Have to have a robots section!
Not one I've tried but recommended by a friend. No build, easy to code
CamJam Edukit 3, £18*
*You need a raspberry pi & battery as well
This is a great kit for learning to code. You have to screw wires down, connect things. A true build it yourself robot for beginners. Then you get to code it!
Tiny 4WD robot kit £60*
*you need a raspberry pi zero & battery as well
Sturdy build it yourself robot
Sphero, £50 to £150
This is a really fun ball that you can drive and code with a tablet. I don't like them cause kids just end up driving them and not coding them! They're also really unpredictable at high speeds - and who wants to go slow?? But they are indescructable! And expensive. The mini one is quite small, like slightly larger than a ping pong ball. I ALMOST put this in the "Not on this list" list... cause of the price. But they are programmable and produce a lot of data in one of the apps that can be fun to look at and analyze.
Not found any for sale cheaper than Amazon or Argos
This is a sturdy robot by fisher price. I'd say definitely for the younger ages (4 to 6, even younger) I'd say a 3 year old can take apart the robot and make it move.
Accessories for the devices you already have
Pimoroni do a good job of selling micro:bit accessories from themselves & other companies. Here's some of my favourites:
Noise:bit - noisy £12
Scroll:bit - shiny £13.50
Zip Halo - shiny £13.80
Game Zip - controller. expensive, but shiny £40 AA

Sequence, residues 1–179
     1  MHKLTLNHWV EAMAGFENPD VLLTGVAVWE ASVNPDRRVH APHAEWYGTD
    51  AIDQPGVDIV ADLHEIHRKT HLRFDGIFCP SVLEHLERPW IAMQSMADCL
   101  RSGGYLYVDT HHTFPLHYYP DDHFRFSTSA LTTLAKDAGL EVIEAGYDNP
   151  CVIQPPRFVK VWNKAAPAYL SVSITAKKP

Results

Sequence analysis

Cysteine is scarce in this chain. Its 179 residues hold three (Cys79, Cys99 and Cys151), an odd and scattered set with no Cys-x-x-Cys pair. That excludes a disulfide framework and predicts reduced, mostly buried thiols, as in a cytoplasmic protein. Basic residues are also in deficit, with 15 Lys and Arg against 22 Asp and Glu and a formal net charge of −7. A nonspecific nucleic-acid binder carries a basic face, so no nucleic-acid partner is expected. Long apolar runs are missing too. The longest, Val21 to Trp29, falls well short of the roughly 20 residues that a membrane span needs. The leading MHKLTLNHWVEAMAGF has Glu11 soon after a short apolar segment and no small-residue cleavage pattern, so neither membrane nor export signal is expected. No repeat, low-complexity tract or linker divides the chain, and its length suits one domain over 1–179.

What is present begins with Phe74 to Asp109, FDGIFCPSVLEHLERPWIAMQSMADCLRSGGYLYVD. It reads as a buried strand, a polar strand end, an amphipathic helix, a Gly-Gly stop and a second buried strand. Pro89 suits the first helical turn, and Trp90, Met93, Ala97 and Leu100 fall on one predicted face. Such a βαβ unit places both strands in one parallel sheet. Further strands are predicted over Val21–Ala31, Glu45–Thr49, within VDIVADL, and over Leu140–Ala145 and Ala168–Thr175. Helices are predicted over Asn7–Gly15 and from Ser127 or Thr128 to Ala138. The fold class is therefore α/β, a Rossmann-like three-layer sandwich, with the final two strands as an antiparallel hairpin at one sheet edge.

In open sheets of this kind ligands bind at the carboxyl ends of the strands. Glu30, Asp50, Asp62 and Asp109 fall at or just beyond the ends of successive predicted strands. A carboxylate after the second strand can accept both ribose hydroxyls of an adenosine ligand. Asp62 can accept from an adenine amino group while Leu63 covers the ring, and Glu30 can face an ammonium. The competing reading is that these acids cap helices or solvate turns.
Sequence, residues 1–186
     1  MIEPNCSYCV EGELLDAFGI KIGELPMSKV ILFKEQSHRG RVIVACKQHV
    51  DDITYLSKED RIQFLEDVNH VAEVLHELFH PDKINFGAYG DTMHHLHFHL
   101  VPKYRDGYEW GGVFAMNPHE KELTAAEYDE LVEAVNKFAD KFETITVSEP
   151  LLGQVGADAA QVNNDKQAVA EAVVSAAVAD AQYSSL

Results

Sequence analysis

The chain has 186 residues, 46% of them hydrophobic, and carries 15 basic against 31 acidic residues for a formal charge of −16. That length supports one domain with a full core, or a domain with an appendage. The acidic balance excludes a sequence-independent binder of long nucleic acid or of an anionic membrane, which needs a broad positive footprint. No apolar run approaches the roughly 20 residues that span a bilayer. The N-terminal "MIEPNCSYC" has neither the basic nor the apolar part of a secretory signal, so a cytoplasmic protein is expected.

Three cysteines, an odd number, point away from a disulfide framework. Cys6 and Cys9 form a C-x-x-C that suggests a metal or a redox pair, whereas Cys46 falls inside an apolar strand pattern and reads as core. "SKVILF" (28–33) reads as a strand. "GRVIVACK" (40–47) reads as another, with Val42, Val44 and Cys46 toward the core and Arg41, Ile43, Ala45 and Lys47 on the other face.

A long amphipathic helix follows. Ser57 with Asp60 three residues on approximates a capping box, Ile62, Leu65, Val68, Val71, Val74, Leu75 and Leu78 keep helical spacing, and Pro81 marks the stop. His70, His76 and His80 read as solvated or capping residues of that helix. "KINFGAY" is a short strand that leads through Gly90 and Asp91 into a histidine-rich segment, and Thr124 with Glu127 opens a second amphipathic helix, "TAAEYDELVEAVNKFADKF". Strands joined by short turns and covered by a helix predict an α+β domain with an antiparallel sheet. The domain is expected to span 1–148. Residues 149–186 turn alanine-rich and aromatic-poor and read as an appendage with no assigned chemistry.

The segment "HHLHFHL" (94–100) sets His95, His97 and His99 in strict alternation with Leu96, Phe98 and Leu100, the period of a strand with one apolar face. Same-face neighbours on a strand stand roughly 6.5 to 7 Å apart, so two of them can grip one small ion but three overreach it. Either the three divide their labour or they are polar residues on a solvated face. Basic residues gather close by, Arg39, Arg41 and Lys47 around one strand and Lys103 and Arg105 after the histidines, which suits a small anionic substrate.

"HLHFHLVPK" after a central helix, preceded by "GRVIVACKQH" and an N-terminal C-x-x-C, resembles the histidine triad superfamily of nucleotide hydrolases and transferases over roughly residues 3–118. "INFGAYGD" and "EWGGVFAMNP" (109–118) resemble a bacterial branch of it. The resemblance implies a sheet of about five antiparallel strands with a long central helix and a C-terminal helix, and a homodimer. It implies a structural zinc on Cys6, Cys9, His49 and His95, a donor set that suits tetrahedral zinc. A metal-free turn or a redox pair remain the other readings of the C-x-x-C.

Robo:Bit - VERY easy to build robot £40 AA
Bit:Bot - VERY easy to build robot £40 AA
:Move mini - easy to build kit robot, £27.50 bit fiddly AAA
For most of these accessories your pi needs a header. The Pi Zero doesn't normally come with a header, so watch out.
Camera - take time lapse pictures of your view! Code a camera to take pictures
Sense Hat, 330, The Pi Hut. Good combination of everything - RGB LEDs and sensors
xxx to finish
The Official Raspberry Pi Beginner's Book £24.99
Adventures in Minecraft, £14.99 (on the Raspberry Pi)
Coding for beginners using Scratch
Hello Ruby (lovely book, especially for girls)
Baby Loves Coding
How to Code a Sand Castle
The Wild Robot Escapes
Rox’s Secret Code (amazing AR app with the book)
The thrilling adventures of Lovelace and Babbage
My first coding book, Kikki P - really nice child friendly book, younger ages
Women of NASA Lego to inspire any future astronaut
xxx to finish
What's not on the list
So here are some things that have been recommended to me that I've not put on the list because parents know of it already OR it's really expensive and I can't justify any parent buying this for a child.
Lego - everyone knows lego
Mindstorms - robot lego. Very expensive.
Little Bits - lego like electronics, REALLY expensive.
Makey Makey - lots of people love this, but I just don't think the price tag is parent friendly.
Ozobots - these are tiny and I mean TINY robots that follow coloured lines. They're so expensive given how tiny they are!
OhBot- it's a talking robot head that you can code. It's cool, you can add facial recognition really easily to it. But it's costly.
Other folk have made other lists that I don't have the time to read and recommend, but have a look yourself
Christmas gift ideas for STEM curious kids.
Raspberry Pi Christmas Shopping List
This is an American engineering gift guide but has lots of ideas